Are Flavors in Vaping in Jeopardy?


Recently the FDA, and more specifically FDA Commisioner Scott Gottlieb, released a statement looking at “efforts to reduce tobacco use, especially among youth, by exploring options to address the role of flavors ‒ including menthol ‒ in tobacco products”  It has completely shaken up the industry since its been dropped. It shouldn’t have been surprising, though, if one were to take the necessary time to understand the regulatory and legislative news being released by advocates and officials alike. Many of my own clients have hit me up asking for my comments on the matter, so I figured my audience had the same sentiments. Before we get to that, I think its best to analyze some of the statements made within the piece, and even before that, take time to leave a comment on the FDA’s site explaining how flavors SPECIFICALLY helped your tobacco cessation.

Leave Your Comments for the FDA Here


The thought of any child starting down a path of a lifelong addiction to tobacco, which could ultimately lead to their death, is unacceptable

The statement starts out aiming its sights on tobacco/nicotine addiction in children and teens. Many of us started smoking as a teen, and it would be foolish to think anyone would be against this notion. No one wants children or teens to use tobacco or nicotine products. No one. But this type of outlook immediately opens up questions about ADULT products.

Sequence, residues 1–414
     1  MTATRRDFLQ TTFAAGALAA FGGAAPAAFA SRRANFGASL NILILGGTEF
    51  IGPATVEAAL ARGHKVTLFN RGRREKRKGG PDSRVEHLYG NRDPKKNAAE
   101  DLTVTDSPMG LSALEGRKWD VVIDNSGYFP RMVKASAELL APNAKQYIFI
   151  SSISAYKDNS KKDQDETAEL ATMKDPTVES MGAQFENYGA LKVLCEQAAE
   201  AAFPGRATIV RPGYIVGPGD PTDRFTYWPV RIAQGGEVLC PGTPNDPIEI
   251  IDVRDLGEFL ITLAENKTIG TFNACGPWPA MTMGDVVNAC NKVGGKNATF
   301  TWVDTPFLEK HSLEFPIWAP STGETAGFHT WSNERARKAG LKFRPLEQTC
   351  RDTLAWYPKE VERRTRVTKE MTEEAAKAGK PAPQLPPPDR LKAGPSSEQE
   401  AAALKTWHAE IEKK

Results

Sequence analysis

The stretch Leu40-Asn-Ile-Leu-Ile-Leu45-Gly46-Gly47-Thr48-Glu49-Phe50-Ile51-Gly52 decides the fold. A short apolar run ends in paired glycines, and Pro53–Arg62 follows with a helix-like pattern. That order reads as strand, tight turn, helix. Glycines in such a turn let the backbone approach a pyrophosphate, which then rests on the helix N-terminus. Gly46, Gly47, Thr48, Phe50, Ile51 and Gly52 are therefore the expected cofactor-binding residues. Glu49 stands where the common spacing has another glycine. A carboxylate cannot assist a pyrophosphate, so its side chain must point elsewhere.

In the spirit of our commitment to preventing kids from using tobacco, we are taking a closer look at flavors in tobacco products to better understand their level of impact on youth initiation. And as a public health agency, it’s important that we also explore how flavors, under a properly regulated framework that protects youth, may also be helping some currently addicted adult cigarette smokers switch to certain non-combustible forms of tobacco products.

This is the most important aspect of the article, and also the most difficult to decipher. On one hand, the FDA states it will do what is necessary to ensure children aren’t being allured into trying tobacco products, where on the other, understanding these flavors, that can allure those children, are helpful in aiding adults away from the dangers of tobacco. A very difficult position to be in if you’re a regulatory official. I personally believe, Gottlieb is aiming for legacy. Through many of the interviews he’s made, he seems set on creating a grand legacy for his name. He wants to be known for taking out tobacco and in a true and effective way instead of the nonsensical “abstinence” approach of yesteryear.

What makes the vaping industry quite excited about, is Gottlieb understanding that vapor products are Tobacco Harm Reduction products, and not just “tobacco products” like the old administration claimed. This places a different viewpoint on the industry from a regulatory point of view, one we haven’t seen yet. The problem, is that there is a teen usage problem. The JUUL alone is being banned from high schools left and right, which is alarming the public. It also doesn’t help that the vaping market is FULL of products like this.